Best European Sportbike: 2022 Aprilia RS660
There has rarely been a sportbike in modern history that was as anticipated and actually lived up to all the hype around it than the 2022 Aprilia RS660. A pure expression of sportbike design, race-derived electronics and suspension, an Italian flair about the whole thing, and being the most affordable of Aprilia’s stable of sportbikes and superbikes.
While it does come in at $11,299, what you get for that is, without argument, one of the best all-around bikes in the sportbike category. 100 HP at 10,500 RPM from a 659cc parallel twin that has been fettled and tuned to produce not only that power, but also a noise that is unmistakable as anything other than Italian. Add to that the rider aids that come packaged with the bike, including traction control, wheelie control, electronic cruise control, up-and-down quickshifter, intelligent variable engine braking control, multiple engine maps, and a full suite of ABS systems including cornering ABS.
Superb handling, grunty torque, a surprisingly comfortable riding position, and that low, long, lean look make this a sportbike that anyone considering both some track and street time should definitely look at. While the first batch in 2021 did have a couple of gremlins, those have been fixed in the 2022 model and it is now as reliable as any bike you could buy.
These sportbikes may not be the best in their class or be the best value, but they still deserve a look if you’re shopping around for a new sportbike that doesn’t match up with any of our choices above.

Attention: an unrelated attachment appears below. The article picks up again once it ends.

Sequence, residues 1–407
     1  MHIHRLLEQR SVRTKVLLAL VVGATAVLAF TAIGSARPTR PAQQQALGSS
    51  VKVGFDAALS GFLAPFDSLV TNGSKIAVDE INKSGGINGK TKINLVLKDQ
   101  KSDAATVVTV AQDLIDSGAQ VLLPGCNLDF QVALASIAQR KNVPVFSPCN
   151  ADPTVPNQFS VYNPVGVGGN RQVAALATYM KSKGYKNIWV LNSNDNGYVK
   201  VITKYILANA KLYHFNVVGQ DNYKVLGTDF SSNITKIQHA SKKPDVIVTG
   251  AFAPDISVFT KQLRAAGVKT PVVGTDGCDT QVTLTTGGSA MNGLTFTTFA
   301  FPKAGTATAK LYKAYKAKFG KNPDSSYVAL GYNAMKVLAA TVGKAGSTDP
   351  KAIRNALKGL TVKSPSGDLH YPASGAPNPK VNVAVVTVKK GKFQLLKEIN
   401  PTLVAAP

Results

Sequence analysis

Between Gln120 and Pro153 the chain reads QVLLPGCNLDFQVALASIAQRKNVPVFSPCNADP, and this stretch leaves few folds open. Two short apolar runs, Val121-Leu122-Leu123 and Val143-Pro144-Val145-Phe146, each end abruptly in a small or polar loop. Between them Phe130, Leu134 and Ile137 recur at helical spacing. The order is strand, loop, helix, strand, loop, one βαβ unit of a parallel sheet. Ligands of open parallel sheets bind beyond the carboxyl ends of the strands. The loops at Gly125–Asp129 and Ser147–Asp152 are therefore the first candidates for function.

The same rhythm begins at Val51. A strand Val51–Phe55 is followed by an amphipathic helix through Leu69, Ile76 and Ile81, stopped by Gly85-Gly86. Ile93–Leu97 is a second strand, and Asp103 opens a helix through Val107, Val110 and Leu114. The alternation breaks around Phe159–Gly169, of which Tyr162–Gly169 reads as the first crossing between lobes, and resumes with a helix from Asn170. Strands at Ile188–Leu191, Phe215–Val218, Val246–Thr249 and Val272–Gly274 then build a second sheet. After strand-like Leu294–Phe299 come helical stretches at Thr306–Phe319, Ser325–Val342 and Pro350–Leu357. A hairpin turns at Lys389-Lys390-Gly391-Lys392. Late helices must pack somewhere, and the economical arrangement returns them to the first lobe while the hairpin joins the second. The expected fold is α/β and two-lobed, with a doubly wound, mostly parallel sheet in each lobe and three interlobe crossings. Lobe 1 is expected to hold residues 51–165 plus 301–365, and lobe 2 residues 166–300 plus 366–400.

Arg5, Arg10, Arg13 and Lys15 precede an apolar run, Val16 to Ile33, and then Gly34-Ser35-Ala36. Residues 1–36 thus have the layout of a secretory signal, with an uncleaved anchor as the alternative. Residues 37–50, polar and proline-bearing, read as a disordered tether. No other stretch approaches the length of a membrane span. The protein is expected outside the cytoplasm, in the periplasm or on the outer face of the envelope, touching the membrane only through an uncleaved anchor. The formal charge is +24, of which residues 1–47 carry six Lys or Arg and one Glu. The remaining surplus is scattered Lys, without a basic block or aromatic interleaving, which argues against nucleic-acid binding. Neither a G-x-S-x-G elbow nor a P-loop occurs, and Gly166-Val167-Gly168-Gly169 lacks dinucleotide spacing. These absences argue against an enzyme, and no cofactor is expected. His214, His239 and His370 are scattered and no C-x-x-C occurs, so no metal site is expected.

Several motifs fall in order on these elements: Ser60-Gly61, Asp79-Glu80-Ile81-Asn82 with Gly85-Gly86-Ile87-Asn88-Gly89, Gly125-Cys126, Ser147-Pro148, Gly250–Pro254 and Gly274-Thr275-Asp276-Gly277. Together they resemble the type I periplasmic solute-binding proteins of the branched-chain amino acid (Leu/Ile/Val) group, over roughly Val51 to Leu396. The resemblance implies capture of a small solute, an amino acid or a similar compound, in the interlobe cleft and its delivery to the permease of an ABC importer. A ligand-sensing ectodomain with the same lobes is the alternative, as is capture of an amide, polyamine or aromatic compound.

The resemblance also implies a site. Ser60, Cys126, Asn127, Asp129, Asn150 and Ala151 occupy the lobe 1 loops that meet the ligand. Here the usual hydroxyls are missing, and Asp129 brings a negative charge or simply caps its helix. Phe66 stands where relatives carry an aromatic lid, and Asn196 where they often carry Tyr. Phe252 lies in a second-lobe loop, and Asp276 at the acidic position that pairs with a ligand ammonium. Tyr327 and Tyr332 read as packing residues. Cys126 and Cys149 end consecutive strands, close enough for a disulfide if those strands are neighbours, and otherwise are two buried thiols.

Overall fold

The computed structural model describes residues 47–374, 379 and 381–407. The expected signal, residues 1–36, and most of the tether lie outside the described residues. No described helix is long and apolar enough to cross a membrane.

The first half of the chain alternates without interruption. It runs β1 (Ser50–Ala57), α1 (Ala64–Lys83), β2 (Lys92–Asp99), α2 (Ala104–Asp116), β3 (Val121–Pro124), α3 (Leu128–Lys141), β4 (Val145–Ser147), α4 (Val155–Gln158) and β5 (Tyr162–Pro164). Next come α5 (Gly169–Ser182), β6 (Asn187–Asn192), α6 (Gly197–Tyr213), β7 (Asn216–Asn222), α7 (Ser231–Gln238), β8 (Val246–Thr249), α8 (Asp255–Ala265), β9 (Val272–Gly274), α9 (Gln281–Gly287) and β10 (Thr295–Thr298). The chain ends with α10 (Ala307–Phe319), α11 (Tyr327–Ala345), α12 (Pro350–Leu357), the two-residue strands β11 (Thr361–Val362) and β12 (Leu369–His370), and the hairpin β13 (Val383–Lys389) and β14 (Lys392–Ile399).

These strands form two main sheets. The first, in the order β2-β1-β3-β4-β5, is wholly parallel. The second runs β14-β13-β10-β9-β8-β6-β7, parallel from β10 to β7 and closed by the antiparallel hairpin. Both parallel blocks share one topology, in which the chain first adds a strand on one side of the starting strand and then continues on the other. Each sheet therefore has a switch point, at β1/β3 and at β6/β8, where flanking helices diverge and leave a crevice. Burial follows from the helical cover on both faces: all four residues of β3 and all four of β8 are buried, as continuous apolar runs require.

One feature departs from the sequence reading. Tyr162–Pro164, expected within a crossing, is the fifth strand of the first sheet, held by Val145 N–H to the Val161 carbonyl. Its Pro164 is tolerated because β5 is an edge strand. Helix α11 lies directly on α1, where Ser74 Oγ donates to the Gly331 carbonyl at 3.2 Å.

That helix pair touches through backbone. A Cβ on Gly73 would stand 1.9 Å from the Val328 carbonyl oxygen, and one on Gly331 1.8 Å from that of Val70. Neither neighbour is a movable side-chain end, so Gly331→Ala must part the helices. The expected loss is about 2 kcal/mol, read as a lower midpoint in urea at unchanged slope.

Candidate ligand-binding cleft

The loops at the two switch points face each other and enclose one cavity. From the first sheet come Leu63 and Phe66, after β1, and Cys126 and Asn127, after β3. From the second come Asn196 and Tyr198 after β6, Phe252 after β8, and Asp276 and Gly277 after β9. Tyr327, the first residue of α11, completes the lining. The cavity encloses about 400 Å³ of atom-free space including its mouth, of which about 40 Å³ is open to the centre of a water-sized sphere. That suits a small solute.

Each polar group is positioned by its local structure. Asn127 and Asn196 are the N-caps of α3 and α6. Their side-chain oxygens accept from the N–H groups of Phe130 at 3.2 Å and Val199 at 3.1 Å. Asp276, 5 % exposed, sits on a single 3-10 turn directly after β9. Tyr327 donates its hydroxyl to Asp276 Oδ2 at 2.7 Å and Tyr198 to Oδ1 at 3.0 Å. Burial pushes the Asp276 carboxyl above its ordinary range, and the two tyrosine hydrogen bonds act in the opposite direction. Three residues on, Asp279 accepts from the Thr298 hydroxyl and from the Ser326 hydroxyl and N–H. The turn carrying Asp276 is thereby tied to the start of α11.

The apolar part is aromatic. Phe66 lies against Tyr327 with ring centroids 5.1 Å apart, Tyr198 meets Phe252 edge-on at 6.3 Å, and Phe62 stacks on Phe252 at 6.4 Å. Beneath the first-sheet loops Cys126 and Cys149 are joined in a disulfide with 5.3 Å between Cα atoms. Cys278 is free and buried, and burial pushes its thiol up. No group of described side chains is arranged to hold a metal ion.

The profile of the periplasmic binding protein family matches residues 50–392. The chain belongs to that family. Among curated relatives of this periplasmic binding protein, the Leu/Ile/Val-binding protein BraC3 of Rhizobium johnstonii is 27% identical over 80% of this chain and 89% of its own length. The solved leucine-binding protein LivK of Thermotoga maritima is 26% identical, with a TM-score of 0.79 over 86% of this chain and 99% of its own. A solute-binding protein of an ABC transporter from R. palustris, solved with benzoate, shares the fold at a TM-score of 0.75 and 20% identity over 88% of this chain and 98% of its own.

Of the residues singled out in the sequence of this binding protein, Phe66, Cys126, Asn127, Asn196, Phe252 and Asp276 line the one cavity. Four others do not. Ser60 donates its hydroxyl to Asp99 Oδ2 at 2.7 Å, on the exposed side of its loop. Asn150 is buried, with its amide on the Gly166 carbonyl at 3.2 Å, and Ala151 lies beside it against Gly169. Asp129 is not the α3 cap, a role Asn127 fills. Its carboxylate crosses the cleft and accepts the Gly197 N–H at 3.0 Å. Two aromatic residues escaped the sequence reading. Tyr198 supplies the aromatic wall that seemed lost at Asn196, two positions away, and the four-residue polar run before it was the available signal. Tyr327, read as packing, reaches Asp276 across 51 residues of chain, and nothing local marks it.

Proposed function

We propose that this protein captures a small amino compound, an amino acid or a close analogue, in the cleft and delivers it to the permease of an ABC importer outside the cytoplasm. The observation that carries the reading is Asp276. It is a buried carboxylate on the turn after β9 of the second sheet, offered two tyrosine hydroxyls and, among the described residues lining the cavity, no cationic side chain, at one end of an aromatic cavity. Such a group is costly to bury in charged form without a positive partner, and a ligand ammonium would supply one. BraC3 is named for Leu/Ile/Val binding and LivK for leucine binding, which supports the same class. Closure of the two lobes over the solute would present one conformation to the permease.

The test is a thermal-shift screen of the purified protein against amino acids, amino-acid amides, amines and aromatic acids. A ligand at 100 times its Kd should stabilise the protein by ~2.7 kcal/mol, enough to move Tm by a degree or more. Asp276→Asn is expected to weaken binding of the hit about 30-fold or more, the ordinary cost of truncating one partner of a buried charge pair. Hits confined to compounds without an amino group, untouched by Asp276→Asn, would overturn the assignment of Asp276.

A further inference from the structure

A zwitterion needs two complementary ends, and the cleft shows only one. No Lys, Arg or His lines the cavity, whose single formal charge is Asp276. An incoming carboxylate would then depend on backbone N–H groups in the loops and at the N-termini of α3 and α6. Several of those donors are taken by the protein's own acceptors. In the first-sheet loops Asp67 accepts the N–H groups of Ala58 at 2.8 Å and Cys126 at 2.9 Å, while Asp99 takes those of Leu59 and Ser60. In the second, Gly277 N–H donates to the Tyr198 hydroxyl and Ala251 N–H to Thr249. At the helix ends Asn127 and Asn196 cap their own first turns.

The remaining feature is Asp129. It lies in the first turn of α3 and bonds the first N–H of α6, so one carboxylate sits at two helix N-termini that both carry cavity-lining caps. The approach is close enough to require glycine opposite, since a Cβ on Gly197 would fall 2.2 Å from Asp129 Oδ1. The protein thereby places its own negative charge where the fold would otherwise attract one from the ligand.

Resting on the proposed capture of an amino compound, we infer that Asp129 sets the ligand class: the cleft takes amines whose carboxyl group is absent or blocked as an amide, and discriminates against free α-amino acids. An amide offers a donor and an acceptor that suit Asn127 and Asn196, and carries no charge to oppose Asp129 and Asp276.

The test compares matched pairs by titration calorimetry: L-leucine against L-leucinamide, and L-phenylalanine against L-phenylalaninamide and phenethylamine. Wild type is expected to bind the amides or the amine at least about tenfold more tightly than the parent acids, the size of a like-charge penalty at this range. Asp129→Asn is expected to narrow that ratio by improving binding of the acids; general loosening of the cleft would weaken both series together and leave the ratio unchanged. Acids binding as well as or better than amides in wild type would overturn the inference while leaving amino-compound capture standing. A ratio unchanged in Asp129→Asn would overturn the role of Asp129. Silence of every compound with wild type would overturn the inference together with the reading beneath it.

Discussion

2022 Kawasaki Ninja 650 ABS
Kawasaki are the kings of value for money with their aggressive pricing and full-meal-deal packages you can get that include everything, and the kitchen sink, in their standard models. For the taller and heavier rider that doesn’t quite squeeze onto a Ninja 400, or a rider that is looking for a more relaxed position more akin to standard instead of sport, the 650 ABS is your answer.
Still classified as a sportbike, the Ninja 650 ABS is more properly a sport-tourer, a bike that is designed to eat up the miles while also giving you a thrill a minute. At $8,499, it’s also immensely affordable for the new or intermediate rider, and happily rides as both a comfortable commuter and a corner-carving weekend rocket. Its 649cc parallel twin has quickly become the stuff of legends, with an accessible 70 HP and 50 lb-ft of torque giving it plenty of get up and go. It is also a great first bike for the taller or heavier rider, as the torque is very linear and the clutch is full of feel combined with a very easy pull.